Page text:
Catch­ing a mov­ing train? Blue light to stop you

The Free Press Journal - - MUMBAI - STAFF RE­PORTER

The Cen­tral Rail­way (CR) has de­vised a novel idea to warn com­muters against board­ing a mov­ing train. The CR has planned to in­stall blue light at the gates of coaches to guide the pas­sen­gers about the train’s move­ment. “It will help the rail­ways re­duce the num­ber of ac­ci­dents. Most com­muters try to board a train in mo­tion,” said a CR of­fi­cial.

Rail­way min­is­ter Piyush Goyal con­firmed the de­vel­op­ment. “In Mum­bai, for the pas­sen­gers climb­ing in the train, blue light is be­ing in­stalled at the gate of the coach, which will guide the pas­sen­gers that the train has started. It will pre­vent ac­ci­dents when the pas­sen­gers are try­ing to board the train.”

The CR has in­stalled a blue light vis­ual in­di­ca­tor just above the en­trance of one EMU coach for guid­ing the com­muters not to board the run­ning train, at the last mo­ment. Un­like METRO Trains or AC EMUs, which have an elec­tronic door closer and due to the im­prac­ti­cal­ity (suf­fo­ca­tion, etc) of pro­vid­ing doors on non-AC EMU coaches, the blue light vis­ual in­di­ca­tor is be­ing tried at present.

“The blue light vis­ual in­di­ca­tor shows when not to board the train be­fore it is un­safe and draws a bound­ary on the plat­form which is the min­i­mum clear­ance level for com­muters to avoid ac­ci­dents while the train is in mo­tion,” said a rail­way of­fi­cial.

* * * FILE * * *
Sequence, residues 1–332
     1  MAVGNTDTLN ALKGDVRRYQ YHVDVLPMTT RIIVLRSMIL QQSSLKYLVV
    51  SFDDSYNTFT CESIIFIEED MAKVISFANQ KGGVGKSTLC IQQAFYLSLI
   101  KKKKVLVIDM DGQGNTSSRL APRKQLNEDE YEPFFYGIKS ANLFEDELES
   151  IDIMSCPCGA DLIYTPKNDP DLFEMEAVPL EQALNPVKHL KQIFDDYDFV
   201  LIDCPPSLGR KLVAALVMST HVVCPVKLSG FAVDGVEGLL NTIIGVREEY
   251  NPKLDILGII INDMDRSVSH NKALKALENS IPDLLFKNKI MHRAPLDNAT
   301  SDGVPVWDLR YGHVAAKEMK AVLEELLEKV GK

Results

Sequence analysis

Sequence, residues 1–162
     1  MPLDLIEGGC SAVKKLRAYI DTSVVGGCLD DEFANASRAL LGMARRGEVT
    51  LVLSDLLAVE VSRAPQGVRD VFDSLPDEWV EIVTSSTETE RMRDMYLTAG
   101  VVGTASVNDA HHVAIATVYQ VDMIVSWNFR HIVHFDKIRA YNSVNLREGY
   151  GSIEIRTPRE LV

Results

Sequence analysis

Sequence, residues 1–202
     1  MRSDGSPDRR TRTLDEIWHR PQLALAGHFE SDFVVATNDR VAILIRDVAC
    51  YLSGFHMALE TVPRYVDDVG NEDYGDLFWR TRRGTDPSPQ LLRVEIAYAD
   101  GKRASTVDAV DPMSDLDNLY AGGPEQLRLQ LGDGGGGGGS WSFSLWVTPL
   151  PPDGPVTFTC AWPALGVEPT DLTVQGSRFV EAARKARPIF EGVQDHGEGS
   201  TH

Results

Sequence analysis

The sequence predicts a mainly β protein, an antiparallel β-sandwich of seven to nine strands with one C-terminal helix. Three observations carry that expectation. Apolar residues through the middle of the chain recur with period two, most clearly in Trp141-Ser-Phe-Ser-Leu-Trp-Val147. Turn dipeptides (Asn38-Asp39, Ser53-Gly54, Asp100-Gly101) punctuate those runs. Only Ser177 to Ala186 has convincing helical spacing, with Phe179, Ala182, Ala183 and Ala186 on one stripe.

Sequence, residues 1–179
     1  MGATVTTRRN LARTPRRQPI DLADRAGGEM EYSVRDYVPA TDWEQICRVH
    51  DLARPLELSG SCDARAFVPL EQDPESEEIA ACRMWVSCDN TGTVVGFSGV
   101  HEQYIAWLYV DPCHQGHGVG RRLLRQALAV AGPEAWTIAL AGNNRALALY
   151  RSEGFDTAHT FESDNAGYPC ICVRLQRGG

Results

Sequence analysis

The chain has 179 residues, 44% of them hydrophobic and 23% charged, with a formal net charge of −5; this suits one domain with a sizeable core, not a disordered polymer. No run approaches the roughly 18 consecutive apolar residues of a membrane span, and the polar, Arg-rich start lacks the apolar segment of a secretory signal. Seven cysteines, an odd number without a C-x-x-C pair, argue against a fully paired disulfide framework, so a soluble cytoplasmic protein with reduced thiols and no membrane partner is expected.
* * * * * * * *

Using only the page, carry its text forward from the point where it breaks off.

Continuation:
The work of in­stal­la­tion of blue lights was car­ried out in Kurla Carshed of CR un­der the guid­ance of DK Sharma, GM, CR. “We will be mon­i­tor­ing the per­for­mance of the new blue light vis­ual in­di­ca­tor and based on out­come and com­muter feed­back, it will be de­cided whether the lights should be in­stalled at other sub­ur­ban trains,” said Su­nil Udasi, CPRO, CR.

Mean­while the com­muters have raised a ques­tion stat­ing what should they see while board­ing a train a light on head or plat­form or gap be­tween the plat­form and coaches. “We are al­ways in hurry to board a train so we can oc­cupy the seats. The ini­tia­tive won’t make any dif­fer­ence to com­muters’ life,” said a com­muter.

An­other com­muter said in­stead of wast­ing money on such things the rail­way should im­prove ser­vices, a ma­jor is­sue dur­ing peak hours.

Vis­ual In­di­ca­tor emits a beam of light over the en­trance when a train starts, tak­ing a di­rec­tion from the guard, who sig­nals to start. Thus, the com­muter is alerted and warned of the danger of be­ing too close to the train on the plat­form, thereby guid­ing him/her to back off. The de­vice will def­i­nitely act as a psy­cho­log­i­cal bar­rier from board­ing the mov­ing train and also as a de­ter­rent to peo­ple not to board the run­ning train.

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